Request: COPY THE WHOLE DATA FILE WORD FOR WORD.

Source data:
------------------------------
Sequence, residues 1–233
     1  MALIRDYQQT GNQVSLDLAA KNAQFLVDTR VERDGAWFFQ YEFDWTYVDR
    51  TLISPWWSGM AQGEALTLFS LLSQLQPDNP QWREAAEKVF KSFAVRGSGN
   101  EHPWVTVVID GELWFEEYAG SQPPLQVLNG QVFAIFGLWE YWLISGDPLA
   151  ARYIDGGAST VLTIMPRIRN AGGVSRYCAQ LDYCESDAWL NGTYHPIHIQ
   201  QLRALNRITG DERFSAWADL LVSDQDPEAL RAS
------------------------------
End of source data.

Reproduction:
Sequence, residues 1–233
     1  MALIRDYQQT GNQVSLDLAA KNAQFLVDTR VERDGAWFFQ YEFDWTYVDR
    51  TLISPWWSGM AQGEALTLFS LLSQLQPDNP QWREAAEKVF KSFAVRGSGN
   101  EHPWVTVVID GELWFEEYAG SQPPLQVLNG QVFAIFGLWE YWLISGDPLA
   151  ARYIDGGAST VLTIMPRIRN AGGVSRYCAQ LDYCESDAWL NGTYHPIHIQ
   201  QLRALNRITG DERFSAWADL LVSDQDPEAL RAS